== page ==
'They may nibble your mat': Kelowna embraces 'goga' goat yoga
Yoga takes place in barn while miniature goats roam freely, climb on participants
The Okanagan Valley is the latest place to embrace an unusual new fitness craze, goat yoga — or 'goga.'
On B.C.'s Family Day weekend, Kelowna's Hoof Prints Barnyard hosted its first session of goga, one of the first classes of its kind in Canada.
"They may climb on you. They may come and give you some kisses. They might nibble your mat a little bit or nibble your hair," said Kristen Eng, the farm owner.
During Monday's class, seven small diaper-clad goats — Timbit, Muffin, Yoda, Chewie, Spirit, Bentley and Charlotte — roamed the barn freely while an instructor led participants through a yoga class.
The farm held two classes, one family-friendly and one for adults only.
A few yoga mats 'taste-tested'
"It went phenomenal. We were absolutely sold out. The goats were all very well-behaved and everybody had an absolute blast," said Eng.
"There were a few yoga mats that were being taste-tested. We were in there supervising though, so we were able to shut that down right away and redirect them to just having some affection, some pets."
Eng said she first had the idea to host the class last spring.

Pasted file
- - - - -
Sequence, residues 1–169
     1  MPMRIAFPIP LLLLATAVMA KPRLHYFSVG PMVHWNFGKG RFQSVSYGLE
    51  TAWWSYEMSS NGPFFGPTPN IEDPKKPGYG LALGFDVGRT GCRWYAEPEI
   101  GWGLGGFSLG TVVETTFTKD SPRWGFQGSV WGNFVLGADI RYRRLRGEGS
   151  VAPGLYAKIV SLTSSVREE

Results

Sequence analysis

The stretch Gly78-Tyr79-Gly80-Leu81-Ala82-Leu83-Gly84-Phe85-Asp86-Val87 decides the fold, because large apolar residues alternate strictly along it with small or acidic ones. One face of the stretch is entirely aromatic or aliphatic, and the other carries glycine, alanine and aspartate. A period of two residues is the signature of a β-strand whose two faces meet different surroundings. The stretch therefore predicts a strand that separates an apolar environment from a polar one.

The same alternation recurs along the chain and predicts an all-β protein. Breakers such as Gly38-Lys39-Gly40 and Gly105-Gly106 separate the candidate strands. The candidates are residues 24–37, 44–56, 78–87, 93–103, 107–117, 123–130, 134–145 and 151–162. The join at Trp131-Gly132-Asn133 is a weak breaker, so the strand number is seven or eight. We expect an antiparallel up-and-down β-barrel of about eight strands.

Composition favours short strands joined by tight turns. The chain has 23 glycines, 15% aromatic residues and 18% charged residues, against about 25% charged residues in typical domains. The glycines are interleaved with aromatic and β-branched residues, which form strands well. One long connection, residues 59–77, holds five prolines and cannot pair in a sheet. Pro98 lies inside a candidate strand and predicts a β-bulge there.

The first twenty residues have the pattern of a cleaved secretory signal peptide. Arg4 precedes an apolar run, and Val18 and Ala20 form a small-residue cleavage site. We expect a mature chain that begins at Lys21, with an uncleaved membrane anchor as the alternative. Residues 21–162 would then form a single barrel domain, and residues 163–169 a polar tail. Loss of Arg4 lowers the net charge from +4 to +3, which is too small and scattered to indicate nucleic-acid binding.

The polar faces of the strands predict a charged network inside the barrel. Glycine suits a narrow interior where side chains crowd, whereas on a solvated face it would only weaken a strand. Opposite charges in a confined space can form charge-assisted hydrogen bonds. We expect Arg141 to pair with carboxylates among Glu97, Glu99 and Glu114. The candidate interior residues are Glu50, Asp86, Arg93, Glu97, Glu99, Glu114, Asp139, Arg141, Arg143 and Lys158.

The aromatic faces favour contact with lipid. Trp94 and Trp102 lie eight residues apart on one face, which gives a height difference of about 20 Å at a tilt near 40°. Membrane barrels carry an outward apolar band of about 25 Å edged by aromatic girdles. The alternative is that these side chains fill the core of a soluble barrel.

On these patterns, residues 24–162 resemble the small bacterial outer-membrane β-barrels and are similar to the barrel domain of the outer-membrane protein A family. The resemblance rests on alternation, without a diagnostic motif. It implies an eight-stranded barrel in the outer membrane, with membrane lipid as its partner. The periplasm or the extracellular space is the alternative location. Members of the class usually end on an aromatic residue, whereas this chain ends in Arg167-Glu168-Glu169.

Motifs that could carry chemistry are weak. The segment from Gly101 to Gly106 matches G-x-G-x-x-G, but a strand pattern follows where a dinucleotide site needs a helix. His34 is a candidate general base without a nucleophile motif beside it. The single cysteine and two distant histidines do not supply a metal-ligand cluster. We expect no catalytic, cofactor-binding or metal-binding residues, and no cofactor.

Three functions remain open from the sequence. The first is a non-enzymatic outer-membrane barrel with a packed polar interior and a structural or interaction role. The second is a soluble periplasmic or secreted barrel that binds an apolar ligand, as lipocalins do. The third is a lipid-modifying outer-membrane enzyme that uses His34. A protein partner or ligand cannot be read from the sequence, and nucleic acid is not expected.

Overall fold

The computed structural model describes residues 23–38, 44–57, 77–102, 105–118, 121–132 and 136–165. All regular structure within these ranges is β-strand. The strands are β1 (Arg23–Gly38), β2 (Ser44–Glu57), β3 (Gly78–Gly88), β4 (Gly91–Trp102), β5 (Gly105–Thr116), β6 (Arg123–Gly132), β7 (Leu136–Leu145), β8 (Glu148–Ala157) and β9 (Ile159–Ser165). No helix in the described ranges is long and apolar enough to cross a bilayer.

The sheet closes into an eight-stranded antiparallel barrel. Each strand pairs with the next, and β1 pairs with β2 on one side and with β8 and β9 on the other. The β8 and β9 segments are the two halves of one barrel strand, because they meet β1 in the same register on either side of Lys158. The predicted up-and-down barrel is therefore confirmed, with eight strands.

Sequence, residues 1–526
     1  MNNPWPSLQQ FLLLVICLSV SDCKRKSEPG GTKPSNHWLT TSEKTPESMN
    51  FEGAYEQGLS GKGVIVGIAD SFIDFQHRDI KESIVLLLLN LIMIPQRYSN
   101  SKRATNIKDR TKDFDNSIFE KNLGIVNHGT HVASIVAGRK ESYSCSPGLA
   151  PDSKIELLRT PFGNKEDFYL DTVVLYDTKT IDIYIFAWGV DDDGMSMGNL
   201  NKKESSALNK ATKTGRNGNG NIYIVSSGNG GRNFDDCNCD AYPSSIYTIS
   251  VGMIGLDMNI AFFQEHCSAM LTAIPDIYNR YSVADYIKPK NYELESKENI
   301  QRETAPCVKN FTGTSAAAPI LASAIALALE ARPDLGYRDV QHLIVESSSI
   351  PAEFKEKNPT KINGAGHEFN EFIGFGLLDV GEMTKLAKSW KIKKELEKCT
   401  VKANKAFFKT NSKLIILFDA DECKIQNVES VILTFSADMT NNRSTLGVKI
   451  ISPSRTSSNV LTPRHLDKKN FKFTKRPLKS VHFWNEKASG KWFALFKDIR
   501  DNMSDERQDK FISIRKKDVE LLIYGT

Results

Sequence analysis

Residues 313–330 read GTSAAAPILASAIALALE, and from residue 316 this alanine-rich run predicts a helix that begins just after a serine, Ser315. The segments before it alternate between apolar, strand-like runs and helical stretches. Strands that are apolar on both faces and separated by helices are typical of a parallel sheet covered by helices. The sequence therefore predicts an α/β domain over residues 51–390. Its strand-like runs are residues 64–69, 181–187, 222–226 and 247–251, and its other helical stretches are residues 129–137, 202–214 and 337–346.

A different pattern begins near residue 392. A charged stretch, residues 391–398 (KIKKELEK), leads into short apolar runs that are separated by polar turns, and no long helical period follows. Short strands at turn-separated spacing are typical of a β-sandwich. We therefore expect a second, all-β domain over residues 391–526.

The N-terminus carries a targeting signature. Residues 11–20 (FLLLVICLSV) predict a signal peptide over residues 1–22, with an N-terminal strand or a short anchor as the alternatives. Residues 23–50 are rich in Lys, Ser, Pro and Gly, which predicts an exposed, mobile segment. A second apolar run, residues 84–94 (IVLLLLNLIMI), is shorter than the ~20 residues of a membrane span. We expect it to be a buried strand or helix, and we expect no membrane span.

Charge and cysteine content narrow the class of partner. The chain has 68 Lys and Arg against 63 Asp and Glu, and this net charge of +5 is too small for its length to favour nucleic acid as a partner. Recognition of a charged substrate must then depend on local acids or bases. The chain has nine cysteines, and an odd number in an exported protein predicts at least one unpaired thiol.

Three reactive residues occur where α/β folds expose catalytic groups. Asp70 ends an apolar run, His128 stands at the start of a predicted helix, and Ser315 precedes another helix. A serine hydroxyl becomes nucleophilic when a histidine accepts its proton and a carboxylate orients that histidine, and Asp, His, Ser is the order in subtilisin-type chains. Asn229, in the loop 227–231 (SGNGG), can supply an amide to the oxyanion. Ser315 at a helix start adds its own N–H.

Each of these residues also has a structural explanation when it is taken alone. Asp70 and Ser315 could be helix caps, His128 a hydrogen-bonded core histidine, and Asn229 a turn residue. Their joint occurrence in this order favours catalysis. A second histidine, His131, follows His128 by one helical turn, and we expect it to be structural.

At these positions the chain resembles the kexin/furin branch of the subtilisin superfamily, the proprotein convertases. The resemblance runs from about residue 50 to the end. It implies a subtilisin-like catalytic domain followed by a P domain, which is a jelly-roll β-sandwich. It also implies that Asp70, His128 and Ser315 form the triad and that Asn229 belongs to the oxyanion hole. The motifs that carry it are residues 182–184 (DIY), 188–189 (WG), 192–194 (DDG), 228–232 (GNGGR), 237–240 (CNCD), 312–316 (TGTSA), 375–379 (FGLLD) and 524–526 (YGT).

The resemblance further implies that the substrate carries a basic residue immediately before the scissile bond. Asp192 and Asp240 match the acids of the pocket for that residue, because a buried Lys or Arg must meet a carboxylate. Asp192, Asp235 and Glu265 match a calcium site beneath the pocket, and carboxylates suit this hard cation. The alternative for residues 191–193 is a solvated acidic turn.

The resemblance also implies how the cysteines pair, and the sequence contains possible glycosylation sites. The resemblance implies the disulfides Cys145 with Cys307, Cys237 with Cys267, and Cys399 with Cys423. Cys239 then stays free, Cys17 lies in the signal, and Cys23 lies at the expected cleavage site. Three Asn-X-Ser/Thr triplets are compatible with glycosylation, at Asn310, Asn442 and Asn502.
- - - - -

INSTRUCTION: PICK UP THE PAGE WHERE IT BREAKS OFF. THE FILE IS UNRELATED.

"Initially, it was a joke with a woman who owns 'Moga,' a mom yoga business ... I had Timbit, my little house goat at my ankles and I joked 'oh we should do yoga with goats and name it goga."
Since then, goga has actually taken off in some parts of the U.S., including Albany in Oregon.
"Lo and behold it started up in the States and it was very well received, so I thought 'what the heck? Let's bring it to Canada'."
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'It's a really good test of your focus'
Eng said the goats seem to particularly like the plank position and savasana, or corpse pose.
"They were coming right over, getting right in their faces and stepping on their bellies."
She admits it wasn't a typical quiet, serene yoga experience — instead, there were many goat sounds and lots of laughing.
"It's a really good test of your focus," she said.
The only hiccup in the first session was underestimating the size of diapers required for pygmy goats.
"Apparently a 15 pound baby bum is not the same as a 15 pound goat bum. It was a little tricky getting the diapers to stay on their bottoms as they wandered around."
She said they solved the problem by outfitting the goats with onesies, but organizers plan to get larger diapers for the next round of classes on March 5.
Eng said if there is a demand, goga could become a regular activity on her Kelowna farm.
"I sure hope so.... I think a big part of it is bringing more laughter and not such a serious attitude to everything."
"It doesn't matter how bad of a mood I may be in, the goats always make me smile, and I think they do that for everyone."
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